Five businesses in the city of Dickson that hold state-issued liquor or wine licenses were cited for making illegal sales during a recent compliance sweep by the Tennessee Alcoholic Beverage Commission. According to a report supplied to the Drug Free Dickson Coalition, ABC agents visited 20 businesses in the city of Dickson that hold either liquor-by-the-drink, retail liquor or wine-in-grocery-store licenses on Aug. 11. The report says an illegal alcohol sale was made at Nori Japanese Sushi and Grill at 531 Highway 46 S., Colton’s Steak House and Grill at 2431 Highway 46 S., Logan’s Roadhouse at 130 Chandler Drive, East End Liquors at 1409 Highway 70 E. and Mazatlan Mexican Restaurant at 180 Beasley Drive. The Drug Free Dickson Coalition sponsored a June compliance sweep of beer-license holders in the county and five businesses were cited for sales to an underage informant. Coalition Director Mark Cook expressed disappointment in the latest compliance check results. “Looks like one in four sold to minors, we still have a lot of work to do,” Cook said of the ABC sweep. The illegal sales will be referred to the ABC for punitive actions that can include civil penalties, suspension or revocation of the liquor licenses. The ABC is scheduled to meet Tuesday but the violations are not on the most recent agenda. Last week’s sweep is believed to be the first one to include the new wine-in-grocery-stores licenses that took effect July 1. The ABC report says the Food Lion, Kroger, Walmart and Aldi stores did not make an illegal sale during the compliance sweep. Food Lion, Kroger and Walmart began selling wine when the new law went into effect July 1 and Aldi joined them shortly after. Voters in Burns and Dickson approved wine in grocery stores on referendums over the last two years but there are no stores that qualify to sell wine in Burns. Efforts to get the question on ballots in Charlotte and White Bluff were unsuccessful. Charlotte voters will decide a liquor-by-the-drink referendum in November.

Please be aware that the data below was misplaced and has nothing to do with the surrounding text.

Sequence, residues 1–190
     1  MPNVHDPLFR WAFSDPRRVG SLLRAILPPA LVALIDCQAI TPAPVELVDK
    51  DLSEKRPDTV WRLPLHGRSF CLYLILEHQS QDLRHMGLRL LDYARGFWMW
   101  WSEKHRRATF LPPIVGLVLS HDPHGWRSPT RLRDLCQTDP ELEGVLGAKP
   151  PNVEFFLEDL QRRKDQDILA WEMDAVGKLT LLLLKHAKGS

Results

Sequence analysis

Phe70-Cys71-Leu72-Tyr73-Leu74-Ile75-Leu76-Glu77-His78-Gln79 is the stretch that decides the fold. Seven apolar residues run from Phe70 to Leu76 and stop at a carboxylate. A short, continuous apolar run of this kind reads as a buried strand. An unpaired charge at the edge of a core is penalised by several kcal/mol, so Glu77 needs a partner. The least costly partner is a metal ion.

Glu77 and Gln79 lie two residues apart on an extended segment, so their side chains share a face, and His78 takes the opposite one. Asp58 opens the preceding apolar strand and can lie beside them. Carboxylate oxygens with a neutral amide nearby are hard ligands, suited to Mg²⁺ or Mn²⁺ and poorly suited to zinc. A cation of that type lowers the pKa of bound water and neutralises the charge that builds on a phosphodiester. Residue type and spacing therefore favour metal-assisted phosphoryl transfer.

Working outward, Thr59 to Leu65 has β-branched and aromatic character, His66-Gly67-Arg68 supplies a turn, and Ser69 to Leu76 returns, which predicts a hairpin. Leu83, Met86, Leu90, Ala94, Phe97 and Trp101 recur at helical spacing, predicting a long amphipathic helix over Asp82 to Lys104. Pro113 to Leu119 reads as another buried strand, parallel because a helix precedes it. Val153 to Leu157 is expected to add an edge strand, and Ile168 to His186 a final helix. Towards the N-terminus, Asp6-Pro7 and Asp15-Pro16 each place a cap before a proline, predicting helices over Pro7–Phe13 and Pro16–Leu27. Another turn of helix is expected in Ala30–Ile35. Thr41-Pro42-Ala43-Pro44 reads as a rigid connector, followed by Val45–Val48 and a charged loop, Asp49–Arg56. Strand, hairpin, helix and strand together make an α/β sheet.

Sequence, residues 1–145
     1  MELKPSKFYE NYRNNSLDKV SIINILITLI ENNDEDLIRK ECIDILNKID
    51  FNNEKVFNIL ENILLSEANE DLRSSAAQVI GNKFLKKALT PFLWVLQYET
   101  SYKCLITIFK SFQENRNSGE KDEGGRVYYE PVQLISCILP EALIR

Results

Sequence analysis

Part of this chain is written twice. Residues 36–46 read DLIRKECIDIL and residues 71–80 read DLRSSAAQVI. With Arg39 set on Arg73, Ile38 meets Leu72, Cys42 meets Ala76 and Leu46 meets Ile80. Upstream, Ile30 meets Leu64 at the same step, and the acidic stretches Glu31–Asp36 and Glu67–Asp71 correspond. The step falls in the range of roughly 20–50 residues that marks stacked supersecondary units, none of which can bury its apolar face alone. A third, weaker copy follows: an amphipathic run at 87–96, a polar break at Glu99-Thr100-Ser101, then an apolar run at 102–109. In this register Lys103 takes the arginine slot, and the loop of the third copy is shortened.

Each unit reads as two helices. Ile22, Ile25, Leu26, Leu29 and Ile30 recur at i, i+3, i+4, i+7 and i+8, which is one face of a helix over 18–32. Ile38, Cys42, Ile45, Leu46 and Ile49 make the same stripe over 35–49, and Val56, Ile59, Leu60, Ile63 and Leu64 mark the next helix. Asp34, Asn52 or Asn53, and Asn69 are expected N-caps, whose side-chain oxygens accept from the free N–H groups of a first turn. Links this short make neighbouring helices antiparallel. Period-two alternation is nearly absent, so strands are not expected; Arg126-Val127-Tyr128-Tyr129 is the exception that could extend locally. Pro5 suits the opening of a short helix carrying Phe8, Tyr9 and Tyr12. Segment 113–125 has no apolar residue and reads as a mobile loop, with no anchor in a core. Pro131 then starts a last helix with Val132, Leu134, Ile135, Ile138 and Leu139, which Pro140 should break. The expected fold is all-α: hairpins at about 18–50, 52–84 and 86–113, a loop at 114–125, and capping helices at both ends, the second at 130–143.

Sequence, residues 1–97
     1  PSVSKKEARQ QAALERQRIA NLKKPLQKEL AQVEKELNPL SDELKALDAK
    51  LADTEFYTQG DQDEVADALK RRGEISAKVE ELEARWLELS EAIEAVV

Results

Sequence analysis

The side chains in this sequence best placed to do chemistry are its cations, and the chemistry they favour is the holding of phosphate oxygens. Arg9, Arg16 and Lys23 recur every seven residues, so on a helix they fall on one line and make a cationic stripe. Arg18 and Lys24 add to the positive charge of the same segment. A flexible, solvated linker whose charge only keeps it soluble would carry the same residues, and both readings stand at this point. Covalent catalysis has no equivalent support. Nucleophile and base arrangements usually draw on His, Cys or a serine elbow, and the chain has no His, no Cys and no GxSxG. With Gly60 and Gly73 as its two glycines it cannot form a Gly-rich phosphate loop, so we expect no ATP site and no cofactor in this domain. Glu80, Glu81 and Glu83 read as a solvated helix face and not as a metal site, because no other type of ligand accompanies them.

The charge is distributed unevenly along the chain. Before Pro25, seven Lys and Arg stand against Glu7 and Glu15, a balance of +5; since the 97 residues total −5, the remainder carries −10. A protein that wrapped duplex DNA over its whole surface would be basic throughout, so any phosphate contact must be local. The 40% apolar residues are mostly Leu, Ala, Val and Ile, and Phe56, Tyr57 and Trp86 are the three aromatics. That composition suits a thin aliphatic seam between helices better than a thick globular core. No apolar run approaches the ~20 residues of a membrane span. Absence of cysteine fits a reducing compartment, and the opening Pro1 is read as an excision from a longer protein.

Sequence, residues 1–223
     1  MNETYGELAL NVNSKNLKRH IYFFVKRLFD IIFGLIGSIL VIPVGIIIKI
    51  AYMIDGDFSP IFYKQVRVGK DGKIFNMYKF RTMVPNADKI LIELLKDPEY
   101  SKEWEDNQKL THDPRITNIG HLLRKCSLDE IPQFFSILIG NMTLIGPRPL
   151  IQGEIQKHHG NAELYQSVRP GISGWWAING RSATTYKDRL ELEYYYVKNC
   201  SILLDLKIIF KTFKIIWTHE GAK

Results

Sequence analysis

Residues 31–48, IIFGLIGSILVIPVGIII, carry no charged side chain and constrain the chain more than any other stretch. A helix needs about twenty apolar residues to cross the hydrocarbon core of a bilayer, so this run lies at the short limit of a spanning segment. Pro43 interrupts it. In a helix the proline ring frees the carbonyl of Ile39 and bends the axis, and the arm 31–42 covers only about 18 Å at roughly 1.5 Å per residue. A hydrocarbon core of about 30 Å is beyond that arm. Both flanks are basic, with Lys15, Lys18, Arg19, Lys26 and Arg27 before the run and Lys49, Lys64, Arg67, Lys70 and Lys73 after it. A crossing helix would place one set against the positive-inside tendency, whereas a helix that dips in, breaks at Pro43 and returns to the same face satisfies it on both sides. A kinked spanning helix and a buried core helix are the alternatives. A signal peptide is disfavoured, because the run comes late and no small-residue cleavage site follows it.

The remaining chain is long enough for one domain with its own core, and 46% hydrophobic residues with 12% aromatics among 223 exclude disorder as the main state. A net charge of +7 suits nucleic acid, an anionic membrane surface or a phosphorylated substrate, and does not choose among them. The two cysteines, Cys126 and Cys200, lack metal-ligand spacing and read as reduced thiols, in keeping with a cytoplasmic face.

The third child who was injured in an East Tennessee Ferris wheel accident was released from the hospital yesterday and a state legislator is calling for tighter regulations on fair rides. 6-year-old Briley Reynolds went home Wednesday from Niswonger Children’s Hospital in Johnson City. She suffered what has been described as a traumatic brain injury when she and two other girls fell 35-40 feet from a gondola at the Greene County Fair Aug. 8. Her 10-year-old sister Kayla and a 16-year-old identified only as Charity were released the week before. Following Briley’s release, parents Kimmee and Jason Reynolds appeared on television and held a news conference in which they thanked people for their prayers and support. While Briley was breathing, talking and walking on her own by the time she was discharged, her mother said she is still having trouble organizing her thoughts and will go through extensive therapy. “We have a long way to go,” Kimmee Reynolds said. Kayla suffered a broken arm and other injuries while no information on the 16-year-old’s injuries has been released. Kimmee Reynolds said she and husband Jason were watching the Ferris wheel as a mechanical failure caused part of the gondola to become lodged in the frame and prevented it from pivoting. As it began to descend it tipped over and pitched the girls out before the operator could stop it. Kimmee Reynolds said she saw Briley hit the gondola below hers, then a bar of the frame and then hit the ground where she was knocked unconscious. Inspectors discovered that worn out rivet fasteners were to blame for the accident. The Ferris wheel owned by Family Attractions Amusement Company was being returned to the manufacturer for repairs. Family Attractions Amusement is contracted to provide the midway rides for the Dickson County Fair Sept. 5-10. After all the company’s rides were inspected following the accident in Greeneville, the Tennessee Department of Labor and Workforce Development’s Amusement Device Unit issued the company a license to continue operating in the state for the next 12 months. Tennessee Rep. Jeremy Faison of Cosby says he plans to present bills to strengthen the state’s regulations of amusement devices. The Republican, whose 11th District includes Cocke County and parts of Jefferson and Greene counties, said Tennessee is “not inspecting our rides the way we should.” The state had its own inspectors until two years ago when it switched to requiring third-party inspectors who are hired by the amusement companies. Faison said the state should have its own inspectors and he also wants rides to be inspected more frequently than once a year, as currently required. Since the Ferris wheel and other Family Attractions Amusement rides had been inspected June 21 in Illinois, they had been disassembled, moved and reassembled nine times when the Greene County Fair opened. North Carolina requires rides to be inspected every time they are set up. Faison said the state probably doesn’t have the money to inspect rides every time they are assembled, but they should be inspected more frequently and state regulators should have more power to shut down attractions. On Aug. 4, just days before the Greene County accident, Tennessee Department of Labor and Workforce Development Commissioner Burns Phillips sent a reminder to all of the amusement device operators licensed in the state about the inspection, safety and reporting requirements. He said the reminder was prompted by four injury accidents on amusement devices that had occurred since July 1. All of the accidents happened in East Tennessee with three on mountain coasters and one on a zipline. Faison said while the state only requires annual inspections, fair operators can require inspections before rides are allowed to operate. Dickson County Fair Association President Steve Manley said last week the board is monitoring the Greeneville investigation and that all rides at the 92nd annual fair will be inspected before they open. The state’s new budget includes two years’ funding for five new positions in the Amusement Device Unit, but a department spokesman says two of those jobs will be administrative and three will be safety consultants, not inspectors. The state is currently developing the job descriptions before filling the positions.